Maybe you’ve been guilty of that before. I know I have.

Perhaps the problem is, we’re going out on mission without first taking the time to be transformed in the presence of Jesus. We’re ‘going for’ without first ‘coming to’. And we end up doing the gospel message no favors. “Jesus loves you and wants to change your life!” isn’t very appealing when the person saying it doesn’t seem to love you, and you hope your life never looks like theirs.

But there’s a simple enough fix for this: Come to him. Be with him. Prioritize that time, every single day. Resist the temptation to rush out into every battle for the faith—don’t rush into any battle for the faith!—if you aren’t first coming to Jesus for that time together.

Maybe then, by the grace of God, we could stop showing the world how bad we can be and start showing the world how good Christ is.

Wednesday, August 17, 2022

Drawn to Him

“I, when I am lifted up from the earth, will draw all people to myself.” He said this to show the kind of death he was going to die. – John 12:32-33

Søren Kierkegaard (1813-1855)
The other day I stumbled onto an old prayer from a Christian thinker from the 1800s, Søren Kierkegaard. (That’s Danish, just don’t worry about it!) This prayer was inspired by Jesus’s words in John chapter 12: “I will draw all people to myself.”

What Kierkegaard realized was that Jesus is not the only thing trying to draw us in, and that our hearts are only too ready to take the bait hook, line, and sinker. Even though this prayer is over 150 years old, so many of the siren songs of life that he named are really no different today. (If anything, 24-hour news and social media have only added fuel to “the present moment with its deceptive importance,” and smartphones and streaming services have revolutionized “amusement’s careless squandering of time.”)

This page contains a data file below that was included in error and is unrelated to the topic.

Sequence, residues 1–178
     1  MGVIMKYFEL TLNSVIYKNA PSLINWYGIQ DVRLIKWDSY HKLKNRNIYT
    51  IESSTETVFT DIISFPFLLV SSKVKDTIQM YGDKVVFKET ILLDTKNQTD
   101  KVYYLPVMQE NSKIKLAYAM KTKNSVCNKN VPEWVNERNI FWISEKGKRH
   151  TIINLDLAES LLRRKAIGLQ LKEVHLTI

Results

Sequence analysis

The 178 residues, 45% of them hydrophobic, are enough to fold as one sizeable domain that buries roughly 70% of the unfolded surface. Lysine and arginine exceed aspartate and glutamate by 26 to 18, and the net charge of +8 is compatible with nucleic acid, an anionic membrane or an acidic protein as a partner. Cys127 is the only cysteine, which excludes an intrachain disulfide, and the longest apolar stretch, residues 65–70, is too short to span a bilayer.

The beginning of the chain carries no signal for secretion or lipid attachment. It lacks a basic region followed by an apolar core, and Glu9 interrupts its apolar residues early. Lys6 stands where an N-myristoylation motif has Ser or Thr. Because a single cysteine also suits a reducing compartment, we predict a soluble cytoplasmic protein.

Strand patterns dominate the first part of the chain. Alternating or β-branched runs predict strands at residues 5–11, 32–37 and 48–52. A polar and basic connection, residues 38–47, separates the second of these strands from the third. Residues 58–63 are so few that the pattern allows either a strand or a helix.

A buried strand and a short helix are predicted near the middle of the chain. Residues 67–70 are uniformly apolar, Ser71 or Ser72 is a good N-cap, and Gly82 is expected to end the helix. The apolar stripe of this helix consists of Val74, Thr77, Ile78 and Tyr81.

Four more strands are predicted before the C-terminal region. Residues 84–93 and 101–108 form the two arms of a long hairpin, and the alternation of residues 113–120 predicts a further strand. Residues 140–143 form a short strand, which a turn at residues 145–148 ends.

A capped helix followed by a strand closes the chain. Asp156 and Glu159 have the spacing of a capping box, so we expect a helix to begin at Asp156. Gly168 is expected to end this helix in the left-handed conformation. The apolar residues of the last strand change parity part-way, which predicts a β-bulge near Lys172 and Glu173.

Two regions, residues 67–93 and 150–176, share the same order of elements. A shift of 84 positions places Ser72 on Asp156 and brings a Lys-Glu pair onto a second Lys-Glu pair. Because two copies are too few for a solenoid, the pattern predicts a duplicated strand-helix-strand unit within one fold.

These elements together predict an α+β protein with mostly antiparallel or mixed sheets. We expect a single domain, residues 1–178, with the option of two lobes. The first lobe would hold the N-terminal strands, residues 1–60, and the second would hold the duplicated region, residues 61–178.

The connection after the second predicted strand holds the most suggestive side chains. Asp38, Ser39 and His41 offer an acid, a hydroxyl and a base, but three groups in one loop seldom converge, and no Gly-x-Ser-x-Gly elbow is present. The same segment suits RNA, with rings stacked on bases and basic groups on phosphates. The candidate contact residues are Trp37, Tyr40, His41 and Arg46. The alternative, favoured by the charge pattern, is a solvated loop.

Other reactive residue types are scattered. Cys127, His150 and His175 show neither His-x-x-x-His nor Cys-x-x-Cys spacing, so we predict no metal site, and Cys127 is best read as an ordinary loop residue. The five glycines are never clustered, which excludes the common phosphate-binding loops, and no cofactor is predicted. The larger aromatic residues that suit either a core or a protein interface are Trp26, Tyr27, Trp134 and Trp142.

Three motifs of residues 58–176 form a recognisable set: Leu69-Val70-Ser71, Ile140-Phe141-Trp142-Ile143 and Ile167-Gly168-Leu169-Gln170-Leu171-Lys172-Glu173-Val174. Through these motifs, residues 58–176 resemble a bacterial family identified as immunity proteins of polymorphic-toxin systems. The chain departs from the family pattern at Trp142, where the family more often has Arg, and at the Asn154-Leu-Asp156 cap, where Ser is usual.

If we’re going to be drawn to Jesus, rather than spending our days and lives wandering along side streets that ultimately lead nowhere, Kierkegaard believed it will take prayer and—don’t miss this!—self-examination

That means you and I need to be in the habit of pausing, reflecting, and considering: What is directing my thoughts, my time, my desires and priorities today? Where is my focus? What am I chasing after? Christians need to practice that kind of regular, intentional self-evaluation. And if I find that I’m chasing anything other than Jesus and his Kingdom, then I know it’s time for a course correction.

Here’s Kierkegaard’s prayer. Chew on it. Pray it!

O Lord Jesus Christ, weak is our foolish heart, and only too ready to let itself be drawn in—and there are so many things that would draw it to themselves. There’s pleasure, with its seducing power, there are options and variety with their confusing distractions, the present moment with its deceptive importance, and busyness with its vain toil, and amusement’s careless squandering of time, and sadness’s gloomy brooding—all of these would draw our attention away to themselves, in order to deceive us. But you who are the truth, only you our Savior and Redeemer, can truly draw someone to you, like you promised to do, to draw all people to yourself. So God grant that, by self-examination, we may snap out of it, so that you, according to your word, can draw us to yourself. (from The Prayers of Kierkegaard, 88)

Wednesday, August 10, 2022

The Blame Game

I’ve had this picture saved on my computer for who knows how long. 

I kept it for two reasons. 1) The bulldogs. 2) It reminds me of Genesis chapter 3.

You know this story, even if you don’t recognize the reference. It’s the third chapter in the Bible, right after the stories about the creation of the world. The Lord visits Eden to enjoy a pretty day with Adam and Eve, but the Lord can tell something’s wrong. So God confronts Adam: did y’all eat the prohibited fruit from the tree of the knowledge of good and evil? 

This is where Zelda the bulldog comes in. “To err is human; to blame it on someone else is even more human.” Human beings learned a lot of new things from that tree of knowledge. They learned shame (3:7). They learned fear (3:10). They learned anger (4:5). And when the Lord confronts Adam about the fruit, you see that they also learned to blame

"Have you eaten from the tree whose fruit I commanded you not to eat?” 
The man replied, “It was the woman you gave me who gave me the fruit, and I ate it.” 
Then the Lord God asked the woman, “What have you done?” 
“The serpent deceived me,” she replied. “That’s why I ate it.” (Gen 3:11-13) 

The buck stops… somewhere over there. Adam blamed it all on Eve. Eve blamed it all on the serpent. Humanity had learned a new trick.